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Sunday, Oct 02, 2022

Post-Covid spending: Discretionary items gain steam, staples stay tepid

Companies in the discretionary pack include Asian Paints, Devyani International, Varun Beverages, Titan Company, ITC and United Breweries, while those in the staples group include Hindustan Unilever (HUL), Dabur, Marico, Tata Consumer, Colgate Palmolive and Britannia.

COVID-19, eating out, cigarettes, watches & jewellery, spirits, soap, biscuits, daily food items, Hindustan Unilever Limited, Dabur, Marico, Tata Consumer, Colgate Palmolive, Britannia, FMCG, Business news, Indian express business news, Indian express, Indian express news, Current AffairsIn comparison, nine companies selling staple FMCG products reported topline of Rs 3.56 lakh crore in the quarter-ended June this year, against Rs 2.65 lakh crore in April-June 2020 — a CAGR of 8.8 per cent.

In the aftermath of the Covid-19 pandemic, India’s consumption story points to more evidence of a K-shaped recovery pattern, with discretionary spending like eating out, cigarettes, watches & jewellery, spirits, recording faster growth compared to staples such as soap, biscuits, daily food items, etc.

What further accentuates this trend is that even within the two classes of consumption, there is an even more discerning trend: greater traction for higher ticket-size items in luxury goods like gold & jewellery, and down trading in daily consumables such as soaps and shampoos.

As per an analysis of consumer goods companies’ April-June quarter earnings by Kotak Institutional Equities, 14 companies offering products and services that account for discretionary spends reported revenues of Rs 5.43 lakh crore during this three-month period, as against Rs 3.51 lakh crore in April-June 2020 — representing a compounded annual growth rate (CAGR) of 15.5 per cent.

In comparison, nine companies selling staple FMCG products reported topline of Rs 3.56 lakh crore in the quarter-ended June this year, against Rs 2.65 lakh crore in April-June 2020 — a CAGR of 8.8 per cent.

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Explained

Big-ticket spending on the rise

The trend in the aftermath of the Covid pandemic shows that within discretionary spending, consumers are showing a preference for higher priced, big-ticket items.

Companies in the discretionary pack include Asian Paints, Devyani International, Varun Beverages, Titan Company, ITC and United Breweries, while those in the staples group include Hindustan Unilever (HUL), Dabur, Marico, Tata Consumer, Colgate Palmolive and Britannia.

In the company’s April-June earnings call, Titan Company’s CEO-Jewellery Division, Ajoy Chawla, said, “We’ve seen the buyer growths have been very good but we are seeing a greater traction on the higher ticket sizes and higher values and also greater traction on studded on the lower price points on gold specially those who are looking at below 10 grams, below 15 grams, everyday wear. There is some creeping level of, there is still growth there, there is no question but yes, it is not as high as the rest of the segments have shown, but it is very early days…”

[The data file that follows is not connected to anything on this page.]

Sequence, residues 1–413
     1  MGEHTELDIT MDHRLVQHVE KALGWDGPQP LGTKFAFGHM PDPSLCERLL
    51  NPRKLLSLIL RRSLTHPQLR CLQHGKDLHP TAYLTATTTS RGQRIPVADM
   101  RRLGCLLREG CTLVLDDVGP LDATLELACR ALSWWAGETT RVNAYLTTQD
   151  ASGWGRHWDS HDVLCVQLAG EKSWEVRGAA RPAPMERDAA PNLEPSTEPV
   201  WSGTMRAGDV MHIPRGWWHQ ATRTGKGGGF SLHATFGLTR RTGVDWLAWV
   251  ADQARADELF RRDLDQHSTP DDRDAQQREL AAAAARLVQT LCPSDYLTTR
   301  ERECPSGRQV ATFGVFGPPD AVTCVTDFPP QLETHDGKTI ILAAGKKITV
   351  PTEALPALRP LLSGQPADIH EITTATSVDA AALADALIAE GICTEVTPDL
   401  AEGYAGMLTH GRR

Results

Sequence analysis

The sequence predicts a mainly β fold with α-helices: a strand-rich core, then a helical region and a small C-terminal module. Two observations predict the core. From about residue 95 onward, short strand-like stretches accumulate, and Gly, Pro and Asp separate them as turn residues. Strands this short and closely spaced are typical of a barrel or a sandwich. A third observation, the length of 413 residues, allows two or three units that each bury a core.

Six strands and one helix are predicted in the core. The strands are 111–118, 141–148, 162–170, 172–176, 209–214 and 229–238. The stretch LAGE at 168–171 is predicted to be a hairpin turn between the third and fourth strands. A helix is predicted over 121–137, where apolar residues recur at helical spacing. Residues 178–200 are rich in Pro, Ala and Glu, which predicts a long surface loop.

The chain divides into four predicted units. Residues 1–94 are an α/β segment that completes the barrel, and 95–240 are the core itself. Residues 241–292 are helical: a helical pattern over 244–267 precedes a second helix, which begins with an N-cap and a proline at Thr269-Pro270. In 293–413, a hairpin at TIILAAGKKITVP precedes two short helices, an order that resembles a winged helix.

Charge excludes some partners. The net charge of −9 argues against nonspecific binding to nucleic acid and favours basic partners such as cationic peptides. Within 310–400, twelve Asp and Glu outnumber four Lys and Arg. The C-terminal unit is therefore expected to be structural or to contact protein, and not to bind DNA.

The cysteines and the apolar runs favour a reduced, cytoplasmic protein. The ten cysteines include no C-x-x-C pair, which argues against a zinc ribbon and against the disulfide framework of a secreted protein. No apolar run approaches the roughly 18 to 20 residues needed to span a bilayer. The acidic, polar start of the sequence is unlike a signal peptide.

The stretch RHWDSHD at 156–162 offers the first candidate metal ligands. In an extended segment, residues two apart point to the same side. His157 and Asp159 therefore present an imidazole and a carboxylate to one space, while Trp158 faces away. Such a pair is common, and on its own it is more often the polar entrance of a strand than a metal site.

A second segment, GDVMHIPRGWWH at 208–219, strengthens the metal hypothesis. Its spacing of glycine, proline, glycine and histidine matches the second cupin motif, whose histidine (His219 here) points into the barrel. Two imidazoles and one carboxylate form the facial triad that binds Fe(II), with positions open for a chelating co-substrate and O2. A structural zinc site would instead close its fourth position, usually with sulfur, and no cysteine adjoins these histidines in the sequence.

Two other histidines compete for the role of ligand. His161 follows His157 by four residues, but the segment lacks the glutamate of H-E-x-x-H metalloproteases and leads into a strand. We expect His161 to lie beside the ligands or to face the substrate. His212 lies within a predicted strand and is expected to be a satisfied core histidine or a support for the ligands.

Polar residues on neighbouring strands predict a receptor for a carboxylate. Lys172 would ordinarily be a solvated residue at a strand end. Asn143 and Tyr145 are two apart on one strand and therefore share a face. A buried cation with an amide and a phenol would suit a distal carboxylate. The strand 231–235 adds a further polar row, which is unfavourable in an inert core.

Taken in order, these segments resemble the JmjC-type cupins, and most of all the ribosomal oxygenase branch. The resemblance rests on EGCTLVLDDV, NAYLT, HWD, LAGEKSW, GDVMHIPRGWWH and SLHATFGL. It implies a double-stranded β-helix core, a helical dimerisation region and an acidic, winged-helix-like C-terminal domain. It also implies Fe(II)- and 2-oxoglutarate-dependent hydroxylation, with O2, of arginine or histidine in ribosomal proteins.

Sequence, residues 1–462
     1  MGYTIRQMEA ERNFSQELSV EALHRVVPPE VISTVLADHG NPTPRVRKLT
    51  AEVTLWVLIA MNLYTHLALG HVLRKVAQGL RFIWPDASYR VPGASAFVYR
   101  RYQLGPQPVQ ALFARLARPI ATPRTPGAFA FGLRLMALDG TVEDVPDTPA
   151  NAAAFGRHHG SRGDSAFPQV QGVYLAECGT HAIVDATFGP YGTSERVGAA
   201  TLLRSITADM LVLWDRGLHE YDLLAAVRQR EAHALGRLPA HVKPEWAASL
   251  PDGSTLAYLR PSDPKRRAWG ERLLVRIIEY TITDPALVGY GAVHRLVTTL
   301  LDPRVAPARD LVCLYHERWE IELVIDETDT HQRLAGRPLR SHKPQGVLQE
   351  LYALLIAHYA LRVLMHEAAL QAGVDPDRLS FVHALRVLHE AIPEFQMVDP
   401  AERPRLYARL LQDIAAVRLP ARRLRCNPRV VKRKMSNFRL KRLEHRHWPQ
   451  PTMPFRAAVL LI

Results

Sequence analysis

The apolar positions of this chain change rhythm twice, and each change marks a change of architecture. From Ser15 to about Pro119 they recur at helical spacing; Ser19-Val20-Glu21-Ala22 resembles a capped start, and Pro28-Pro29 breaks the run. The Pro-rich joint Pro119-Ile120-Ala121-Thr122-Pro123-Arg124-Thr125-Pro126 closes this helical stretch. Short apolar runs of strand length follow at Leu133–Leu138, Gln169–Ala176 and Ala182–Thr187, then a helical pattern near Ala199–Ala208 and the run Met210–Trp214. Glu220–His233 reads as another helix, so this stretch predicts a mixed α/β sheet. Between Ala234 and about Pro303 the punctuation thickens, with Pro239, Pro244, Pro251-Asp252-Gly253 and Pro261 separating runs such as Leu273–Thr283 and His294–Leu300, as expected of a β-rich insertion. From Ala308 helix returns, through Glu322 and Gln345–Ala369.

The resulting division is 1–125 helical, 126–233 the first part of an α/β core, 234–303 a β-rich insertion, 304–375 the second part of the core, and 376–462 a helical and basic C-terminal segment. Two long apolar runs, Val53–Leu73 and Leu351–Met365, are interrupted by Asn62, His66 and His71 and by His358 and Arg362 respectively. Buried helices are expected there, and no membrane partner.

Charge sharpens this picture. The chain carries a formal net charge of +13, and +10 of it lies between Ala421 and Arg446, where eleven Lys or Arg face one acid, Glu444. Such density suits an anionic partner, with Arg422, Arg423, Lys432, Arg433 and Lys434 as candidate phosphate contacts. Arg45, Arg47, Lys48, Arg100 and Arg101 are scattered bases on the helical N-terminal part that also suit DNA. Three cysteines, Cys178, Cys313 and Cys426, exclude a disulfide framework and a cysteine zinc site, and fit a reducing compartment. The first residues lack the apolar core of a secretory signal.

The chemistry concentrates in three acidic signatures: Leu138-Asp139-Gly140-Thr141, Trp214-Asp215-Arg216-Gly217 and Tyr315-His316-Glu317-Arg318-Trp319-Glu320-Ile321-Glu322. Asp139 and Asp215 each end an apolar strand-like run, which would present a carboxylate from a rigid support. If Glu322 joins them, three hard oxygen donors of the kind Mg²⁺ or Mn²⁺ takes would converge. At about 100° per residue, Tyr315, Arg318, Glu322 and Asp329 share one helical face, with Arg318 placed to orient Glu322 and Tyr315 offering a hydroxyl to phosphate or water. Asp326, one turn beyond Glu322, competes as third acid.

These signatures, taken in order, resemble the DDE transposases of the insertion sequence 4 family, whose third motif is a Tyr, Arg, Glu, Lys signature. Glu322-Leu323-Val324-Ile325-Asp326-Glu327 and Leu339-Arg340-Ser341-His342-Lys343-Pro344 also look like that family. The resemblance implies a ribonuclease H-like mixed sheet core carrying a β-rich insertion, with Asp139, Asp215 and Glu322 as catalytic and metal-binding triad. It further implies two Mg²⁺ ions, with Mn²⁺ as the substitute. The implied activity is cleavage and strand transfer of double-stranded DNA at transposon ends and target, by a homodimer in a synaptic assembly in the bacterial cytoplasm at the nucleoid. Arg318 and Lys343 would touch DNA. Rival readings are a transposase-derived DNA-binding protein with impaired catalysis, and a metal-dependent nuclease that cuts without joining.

On the contrary, FMCG manufacturers like HUL are seeing consumers prioritising essential items over discretionary goods in their product offerings, while also downgrading to cheaper alternatives in a high-inflation scenario. “At the end of the day, with so much amount of kitchen inflation happening at consumers end, there’s a clear amount of priority a consumer today gives to kitchen items and essential items and hence to some extent discretionary categories have taken a beating in where the market grows of these categories have come off I would say in the last three to four quarters,” said HUL’s CFO & executive director— finance & IT, Ritesh Tiwari.

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“What we are seeing is there are two different behaviors, down grading and down trading. Down trading is where a consumer who is buying the larger pack, buys smaller pack and hence that’s down trading where smaller amount of volume gets consumed and gets sold in the period and consumers do tighten consumption in that time and that’s down trading. We have not seen many examples of down grading where the consumer goes down the price sphere,” Tiwari added.

Interestingly, even for HUL, Tiwari pointed out that for fiscal 2021-22, the nation’s largest FMCG company saw its premium portfolio growing at “twice the pace” of the rest of the portfolio. “There are consumers who are able to afford even in such high inflationary times the product that they love to consume and we have seen those sales remaining intact and hence with say over indexed growth that we have seen in the premium portion of the portfolio,” he said.

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Cigarette-to-hotels company ITC Ltd, which sees cigarettes account for 38 per cent of its revenue, saw “strong growth in discretionary/out of home categories”. These categories include products like snacks, frozen snacks, beverages, confectionery, fragrances and agarbattis. United Breweries, maker of Kingfisher and Heineken brands of beer, also pointed out that for the June quarter this year, its premium segment “recorded growth ahead of the total portfolio”.

This K-shaped trend of recovery is in line with the pattern where top-end cars and super-luxury residential projects recorded a surge in numbers during 2021, topping not just the pre-pandemic levels but also, in some cases, levels reported 5-10 years ago.

First published on: 19-08-2022 at 02:23:42 am
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